Thank you!

Goodpods: Changing The Way People Listen To Podcasts

It was interesting to check out Goodpods, the App , launched in 2020, that many are talking about. Their by line says it all. ” Podcasts Are Better With Friends” . This social platform was founded by the brother-sister team of entrepreneurs: Ken Ramberg and JJ Ramberg.

To put it simply, here you can listen to podcasts and recommend them to your friends ( and others) and also check out what your friends ( and others) are listening to. So, if you are one of those who like to go by the recommendations of your friends and other like-minded people, this is the best place for you.

Apart from podcast listeners who are the primary audience targeted by this App, the platform has benefits for podcasters too. You can claim your Podcast Show here and interact with your listeners, which must be so cool.

Kristal Proffitt has a video which walks you through the Goodpod App. This is a quick way of getting the hang of how things work. The basics are well covered. Ultimately, how you choose to use the App is, of course, best left to you. We do pick up hints and tips here which can save us valuable time we would have spent exploring on our own.

I think Goodpods is on its way to changing the way people listen to podcasts. It appears you can import your subscriptions from other platforms like Apple Podcasts. This could be a big benefit to those who prefer to have all they want to listen to in one place.

The platform enables you to search for both Podcasts and People. This is particularly useful when you are new here. You would want to find out what kinds of topics are available, and most followed here, as also who are the people who hang out here. You can to listen to other podcasters, and they may sign up to listen to your podcasts, if they are interested.

Like every other social media site, celebrity endorsements do help push the concept along. I notice that Malcolm Gladwell and Gretchen Rubin, whom I have followed on other social media platforms, amongst many others, have taken to Goodpods,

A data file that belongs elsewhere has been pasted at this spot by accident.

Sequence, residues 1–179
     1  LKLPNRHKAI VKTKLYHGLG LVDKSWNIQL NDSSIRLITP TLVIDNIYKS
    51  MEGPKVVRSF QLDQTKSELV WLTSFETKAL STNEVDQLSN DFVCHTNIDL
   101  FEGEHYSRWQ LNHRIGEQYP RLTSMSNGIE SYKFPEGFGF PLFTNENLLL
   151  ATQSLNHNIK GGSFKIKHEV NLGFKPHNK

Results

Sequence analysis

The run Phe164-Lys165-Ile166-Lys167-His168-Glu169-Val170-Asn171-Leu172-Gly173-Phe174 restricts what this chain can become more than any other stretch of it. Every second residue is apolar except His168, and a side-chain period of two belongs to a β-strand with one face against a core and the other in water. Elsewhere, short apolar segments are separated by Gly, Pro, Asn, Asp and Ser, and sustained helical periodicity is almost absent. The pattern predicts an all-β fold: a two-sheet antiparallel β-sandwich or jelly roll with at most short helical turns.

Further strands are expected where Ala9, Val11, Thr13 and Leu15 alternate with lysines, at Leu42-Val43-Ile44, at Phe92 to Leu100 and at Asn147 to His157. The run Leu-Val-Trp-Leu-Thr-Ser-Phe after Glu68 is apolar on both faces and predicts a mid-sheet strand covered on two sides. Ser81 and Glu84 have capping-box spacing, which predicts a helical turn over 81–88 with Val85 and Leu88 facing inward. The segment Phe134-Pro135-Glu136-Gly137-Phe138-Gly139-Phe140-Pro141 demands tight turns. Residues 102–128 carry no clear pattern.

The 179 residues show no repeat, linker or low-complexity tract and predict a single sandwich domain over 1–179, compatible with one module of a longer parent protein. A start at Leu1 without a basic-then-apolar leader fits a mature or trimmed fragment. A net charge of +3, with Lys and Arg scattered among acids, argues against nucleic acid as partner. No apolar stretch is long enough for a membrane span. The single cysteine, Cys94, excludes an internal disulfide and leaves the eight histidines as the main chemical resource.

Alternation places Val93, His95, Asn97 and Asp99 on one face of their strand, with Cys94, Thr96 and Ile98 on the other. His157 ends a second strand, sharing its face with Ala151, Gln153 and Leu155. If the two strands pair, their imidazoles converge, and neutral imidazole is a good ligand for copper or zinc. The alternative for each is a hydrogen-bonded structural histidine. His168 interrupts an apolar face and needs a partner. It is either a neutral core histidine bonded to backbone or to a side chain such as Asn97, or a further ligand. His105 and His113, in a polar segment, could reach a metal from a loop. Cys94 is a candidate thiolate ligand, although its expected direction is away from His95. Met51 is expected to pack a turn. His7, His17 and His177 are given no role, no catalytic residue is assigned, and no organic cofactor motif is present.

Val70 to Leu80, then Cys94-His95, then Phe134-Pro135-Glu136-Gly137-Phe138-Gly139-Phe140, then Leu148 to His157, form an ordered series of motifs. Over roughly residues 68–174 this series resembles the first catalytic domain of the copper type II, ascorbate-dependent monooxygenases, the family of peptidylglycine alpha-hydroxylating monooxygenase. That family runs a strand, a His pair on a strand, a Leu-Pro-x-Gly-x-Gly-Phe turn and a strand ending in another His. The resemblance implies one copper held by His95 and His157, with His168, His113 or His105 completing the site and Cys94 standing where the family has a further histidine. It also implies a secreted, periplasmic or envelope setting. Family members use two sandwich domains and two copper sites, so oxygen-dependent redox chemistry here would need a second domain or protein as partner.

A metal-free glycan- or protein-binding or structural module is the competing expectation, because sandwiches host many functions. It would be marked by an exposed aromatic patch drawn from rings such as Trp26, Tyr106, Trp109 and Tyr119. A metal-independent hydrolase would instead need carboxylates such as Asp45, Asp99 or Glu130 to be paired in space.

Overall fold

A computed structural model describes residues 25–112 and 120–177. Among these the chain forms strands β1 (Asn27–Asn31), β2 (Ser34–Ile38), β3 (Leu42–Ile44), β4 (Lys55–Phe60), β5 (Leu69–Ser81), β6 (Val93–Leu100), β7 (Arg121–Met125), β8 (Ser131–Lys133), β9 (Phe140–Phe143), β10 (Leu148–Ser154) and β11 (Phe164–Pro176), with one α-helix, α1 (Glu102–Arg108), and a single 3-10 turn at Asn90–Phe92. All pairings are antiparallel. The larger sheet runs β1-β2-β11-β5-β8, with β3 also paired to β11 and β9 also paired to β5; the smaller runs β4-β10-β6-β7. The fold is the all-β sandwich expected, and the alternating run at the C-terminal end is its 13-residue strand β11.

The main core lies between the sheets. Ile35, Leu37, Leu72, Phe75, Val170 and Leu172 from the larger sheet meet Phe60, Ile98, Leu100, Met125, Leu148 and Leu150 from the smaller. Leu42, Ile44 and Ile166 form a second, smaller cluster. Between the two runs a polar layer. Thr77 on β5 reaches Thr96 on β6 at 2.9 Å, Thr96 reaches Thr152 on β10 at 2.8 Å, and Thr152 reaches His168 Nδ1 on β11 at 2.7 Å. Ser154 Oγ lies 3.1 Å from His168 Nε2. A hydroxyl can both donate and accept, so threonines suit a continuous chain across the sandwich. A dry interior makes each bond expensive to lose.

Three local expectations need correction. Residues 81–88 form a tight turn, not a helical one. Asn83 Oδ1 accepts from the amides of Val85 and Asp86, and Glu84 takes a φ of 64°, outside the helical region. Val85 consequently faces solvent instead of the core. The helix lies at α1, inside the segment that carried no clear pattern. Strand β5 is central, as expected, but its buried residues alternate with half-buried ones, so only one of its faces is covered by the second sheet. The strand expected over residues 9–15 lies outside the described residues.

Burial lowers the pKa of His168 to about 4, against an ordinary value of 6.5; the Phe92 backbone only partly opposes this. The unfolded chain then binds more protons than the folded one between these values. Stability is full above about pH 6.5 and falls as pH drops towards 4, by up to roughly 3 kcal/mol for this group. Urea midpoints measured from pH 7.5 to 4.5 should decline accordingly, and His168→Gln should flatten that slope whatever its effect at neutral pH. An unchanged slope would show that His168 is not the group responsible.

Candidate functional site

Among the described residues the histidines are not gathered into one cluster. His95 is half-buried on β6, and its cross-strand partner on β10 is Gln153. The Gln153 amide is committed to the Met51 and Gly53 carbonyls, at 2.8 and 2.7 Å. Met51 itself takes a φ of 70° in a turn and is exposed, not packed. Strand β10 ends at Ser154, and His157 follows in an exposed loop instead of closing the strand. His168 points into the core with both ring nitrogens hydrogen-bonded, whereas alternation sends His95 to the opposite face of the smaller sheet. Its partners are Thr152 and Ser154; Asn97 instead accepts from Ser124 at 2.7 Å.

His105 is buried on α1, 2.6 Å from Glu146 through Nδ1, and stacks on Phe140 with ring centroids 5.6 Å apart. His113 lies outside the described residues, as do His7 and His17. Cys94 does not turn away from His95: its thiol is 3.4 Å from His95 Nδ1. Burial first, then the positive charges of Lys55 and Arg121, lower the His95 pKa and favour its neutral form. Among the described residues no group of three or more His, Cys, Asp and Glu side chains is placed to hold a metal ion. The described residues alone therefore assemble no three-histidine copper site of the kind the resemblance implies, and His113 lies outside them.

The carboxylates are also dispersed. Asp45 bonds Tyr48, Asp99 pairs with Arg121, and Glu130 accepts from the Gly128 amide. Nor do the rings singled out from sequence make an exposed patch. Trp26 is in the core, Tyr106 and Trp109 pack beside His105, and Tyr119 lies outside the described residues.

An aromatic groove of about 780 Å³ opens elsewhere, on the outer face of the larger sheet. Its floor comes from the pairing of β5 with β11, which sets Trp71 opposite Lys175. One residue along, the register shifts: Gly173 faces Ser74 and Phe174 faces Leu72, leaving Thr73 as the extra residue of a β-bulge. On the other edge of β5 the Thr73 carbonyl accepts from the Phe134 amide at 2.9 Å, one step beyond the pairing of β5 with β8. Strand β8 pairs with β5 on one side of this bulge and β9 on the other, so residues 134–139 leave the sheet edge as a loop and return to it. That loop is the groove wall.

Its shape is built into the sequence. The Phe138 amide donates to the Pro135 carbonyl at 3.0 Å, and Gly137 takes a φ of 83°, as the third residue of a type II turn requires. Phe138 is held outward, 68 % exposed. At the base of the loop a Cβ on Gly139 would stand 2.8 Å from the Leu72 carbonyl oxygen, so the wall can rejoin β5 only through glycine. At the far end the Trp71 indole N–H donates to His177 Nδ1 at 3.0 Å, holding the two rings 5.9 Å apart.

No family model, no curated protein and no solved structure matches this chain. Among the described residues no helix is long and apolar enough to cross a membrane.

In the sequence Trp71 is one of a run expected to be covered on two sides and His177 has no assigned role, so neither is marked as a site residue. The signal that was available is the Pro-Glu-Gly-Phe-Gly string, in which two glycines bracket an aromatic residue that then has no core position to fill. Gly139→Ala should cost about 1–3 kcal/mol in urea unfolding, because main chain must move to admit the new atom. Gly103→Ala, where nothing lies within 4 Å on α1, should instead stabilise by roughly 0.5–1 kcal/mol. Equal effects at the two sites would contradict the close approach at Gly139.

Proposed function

As a podcaster, its nice to know that people can subscribe to your show. They can play and listen to an episode, download it, and share it to friends, groups, or to other social media sites like Facebook, Instagram Stories and Twitter. They can, of course let you know what they thought of your episode by rating it and /or writing a review.

Overall, it looks interesting and I am very excited to be part of Goodpods. I am certain it will give me the opportunity to listen to some incredible podcasts. I am also hopeful that it will build an audience for podcasts in my Podcast Show, ” Prem Rao: Stories From A Story Teller”.

And, here’s something to cheer about: Goodpods was rated one the top 10 most innovative social media companies of 2021 by Fast Company. We can therefore expect some more exciting improvements in the near future.

“Jerusalema” – Better Late Than Never

Of course, I had heard this song before! Of course, I had felt like dancing to its so very catchy beats. But I had no idea of the origins of the song and how it went viral all over the world. Thanks to internet, I now have a more clear idea of this amazing story of a song that took – and is still taking – the world by storm. Coming as it did during the Covid 19 pandemic, it brought some cheer and hope to millions around the world.

When I first heard the song, I thought it might be in Arabic (mainly because the first video I saw was set in Dubai! ) or Spanish, but I never imagined it was in the Zulu language from South Africa. I now find the song came from Master KG, a South African RJ and musician. He composed the music for the song and it was sung by his sister, Nomcebo Zikode in 2019. The official music video Jerusalema by Master KG on YouTube has mind boggling numbers! Such figures are seldom seen. Released in December 2019, this video has 424 million views, over 4 million likes and 1,32, 000 comments and still counting!

In this video by Brut, Master KG speaks of the origins of this song, how he chose his sister Nomcebo to sing it, how this song became viral, and what it means to him. He explains that it is a song which has hope and prayer and yet is set to such a catchy tune.

I heard Master KG say this song became viral when some folks in Angola danced to the tune holding plates in their hands. This video became viral and the rest, as they say, is history. This started the Jerusalema Dance Challenge! Young kids, of course have danced to this tune, as have police officers, doctors, nursing staff, firemen, soldiers, nuns, and almost every one else! This video has an interesting compilation of different groups all over the world dancing to Jerusalema.

There are many videos out there which teach you the dance steps. But what are the actual lyrics of the song, and if it is in Zulu, what do the words mean? This video has the lyrics with a translation in English to go with it!

The Covid 19 is still with us but in the gloom that it has created all over the world, there are spots of cheer. Wherever we are in the world, we couldn’t have missed ” Jerusalema”. Hats off to you, MasterKG and Nomcebo Zikode, for giving us this song. You have brought a smile on many a face and something to cheer for millions spanning age, gender, creed, colour, and nationality.